The Green Mountain State of Vermont Is the Greenest

Quechee Gorge, Vermont

As Earth Day approaches, the consumer website WalletHub issued its annual report yesterday on the Greenest States and this year’s winner is the Green Mountain State, Vermont.  WalletHub set out to recognize the greenest states and call out those doing a poor job of caring for the environment by comparing the 50 states on 27 key metrics, such as the number of LEED-certified buildings per capita to the share of energy consumption from renewable resources.  They also ranked the least green states and this year the state of Louisiana ranked at the very bottom.  

  • Rounding out the top five were New York, Oregon, Connecticut, and Minnesota, in that order.
  • The remaining bottom five were West Virginia, Wyoming, Kentucky, and North Dakota.
  • There were some surprises among the various lists such as North Dakota having the cleanest air,  and Hawaii having the highest amount of municipal solid waste per capita.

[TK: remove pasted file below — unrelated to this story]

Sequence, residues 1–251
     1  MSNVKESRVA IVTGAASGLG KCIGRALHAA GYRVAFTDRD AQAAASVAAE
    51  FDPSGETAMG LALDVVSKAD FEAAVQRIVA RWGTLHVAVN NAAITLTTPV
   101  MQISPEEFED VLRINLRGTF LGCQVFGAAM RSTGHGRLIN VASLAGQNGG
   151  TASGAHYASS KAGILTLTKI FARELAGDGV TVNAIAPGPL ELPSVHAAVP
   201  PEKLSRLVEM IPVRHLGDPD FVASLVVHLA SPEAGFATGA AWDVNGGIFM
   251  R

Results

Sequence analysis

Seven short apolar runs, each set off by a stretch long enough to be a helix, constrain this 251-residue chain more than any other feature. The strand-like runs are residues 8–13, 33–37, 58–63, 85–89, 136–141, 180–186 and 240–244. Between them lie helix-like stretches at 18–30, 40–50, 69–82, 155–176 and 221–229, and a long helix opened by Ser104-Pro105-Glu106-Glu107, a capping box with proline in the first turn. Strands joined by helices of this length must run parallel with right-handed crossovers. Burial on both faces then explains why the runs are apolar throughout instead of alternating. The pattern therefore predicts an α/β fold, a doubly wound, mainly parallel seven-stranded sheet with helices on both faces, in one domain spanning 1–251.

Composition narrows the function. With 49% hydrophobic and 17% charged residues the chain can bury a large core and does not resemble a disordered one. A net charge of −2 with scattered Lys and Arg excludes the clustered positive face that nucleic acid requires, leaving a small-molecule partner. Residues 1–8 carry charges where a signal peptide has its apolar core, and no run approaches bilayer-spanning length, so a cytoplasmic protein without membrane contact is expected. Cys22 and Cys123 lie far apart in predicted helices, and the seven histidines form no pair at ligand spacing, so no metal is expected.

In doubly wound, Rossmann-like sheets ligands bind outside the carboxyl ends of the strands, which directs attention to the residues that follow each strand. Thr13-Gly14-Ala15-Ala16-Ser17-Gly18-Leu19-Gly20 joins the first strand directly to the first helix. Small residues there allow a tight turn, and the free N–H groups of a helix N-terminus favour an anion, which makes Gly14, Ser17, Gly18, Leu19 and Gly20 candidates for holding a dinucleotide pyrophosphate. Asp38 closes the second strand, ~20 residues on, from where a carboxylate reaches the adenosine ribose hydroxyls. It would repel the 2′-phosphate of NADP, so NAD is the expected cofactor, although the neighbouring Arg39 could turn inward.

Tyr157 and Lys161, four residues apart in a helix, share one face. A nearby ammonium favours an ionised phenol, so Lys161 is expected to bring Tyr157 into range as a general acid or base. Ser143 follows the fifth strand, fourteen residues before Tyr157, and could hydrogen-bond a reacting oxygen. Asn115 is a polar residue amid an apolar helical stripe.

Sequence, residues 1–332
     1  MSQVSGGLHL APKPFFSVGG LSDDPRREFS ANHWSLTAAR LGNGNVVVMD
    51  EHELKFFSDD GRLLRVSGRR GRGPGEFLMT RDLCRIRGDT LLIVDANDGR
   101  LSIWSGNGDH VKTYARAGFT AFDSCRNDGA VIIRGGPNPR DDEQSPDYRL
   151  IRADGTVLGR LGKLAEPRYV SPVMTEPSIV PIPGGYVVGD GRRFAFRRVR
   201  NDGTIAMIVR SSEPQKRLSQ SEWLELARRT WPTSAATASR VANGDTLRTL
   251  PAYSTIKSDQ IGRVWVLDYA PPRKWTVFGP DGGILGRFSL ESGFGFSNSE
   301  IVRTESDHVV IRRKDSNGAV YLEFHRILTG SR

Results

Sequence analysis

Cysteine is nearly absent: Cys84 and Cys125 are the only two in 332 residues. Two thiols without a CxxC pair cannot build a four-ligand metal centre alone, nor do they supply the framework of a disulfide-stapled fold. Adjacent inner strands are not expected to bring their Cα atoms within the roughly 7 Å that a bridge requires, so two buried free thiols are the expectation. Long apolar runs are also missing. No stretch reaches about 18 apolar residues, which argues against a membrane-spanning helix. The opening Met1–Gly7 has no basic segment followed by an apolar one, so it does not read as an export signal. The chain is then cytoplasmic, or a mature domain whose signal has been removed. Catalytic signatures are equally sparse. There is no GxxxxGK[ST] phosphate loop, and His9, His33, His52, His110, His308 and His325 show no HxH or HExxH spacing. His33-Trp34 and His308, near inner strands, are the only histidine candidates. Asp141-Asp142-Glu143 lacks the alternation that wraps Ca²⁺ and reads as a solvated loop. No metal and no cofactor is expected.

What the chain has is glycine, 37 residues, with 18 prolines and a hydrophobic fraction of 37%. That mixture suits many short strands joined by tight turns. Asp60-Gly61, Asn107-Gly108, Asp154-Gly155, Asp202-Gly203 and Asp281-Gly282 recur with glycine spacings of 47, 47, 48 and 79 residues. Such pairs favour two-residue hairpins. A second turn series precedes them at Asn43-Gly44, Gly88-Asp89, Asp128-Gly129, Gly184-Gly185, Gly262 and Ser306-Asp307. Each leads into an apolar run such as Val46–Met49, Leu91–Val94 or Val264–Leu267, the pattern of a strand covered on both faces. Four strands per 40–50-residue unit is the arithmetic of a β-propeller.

One of the study’s authors,  Dr. Helene Gardner of the University of California at Santa Barbara, looking at the results concluded that “there is no inherent trade-off between protecting the environment and promoting economic growth. That is a fallacy that has been promoted by some businesses that do not want to have to invest in green technologies like putting SO2-scrubbers on the stacks of coal-burning facilities.”  The authors also looked at how the “red” states compared with “blue” in terms of “greenness.”  Not surprisingly, the blue states averaged were ranked at #12, while the red states averaged were ranked at #34.  

Why This Matters:  The only way for states to improve in eco-friendliness is through studies like this one performing a relative ranking using objective criteria.  As WalletHub points out, environmental issues are ultimately pocketbook ones; “[o]ur environmental and financial needs are the same in many areas: providing ourselves with sustainable, clean drinking water and food, for example. We also spend money through our own consumption and taxes in support of environmental security.”  In this respect, at least, competition among the states is a good thing.

To Go Deeper:  You can study the top and bottom states in all the categories by clicking here.

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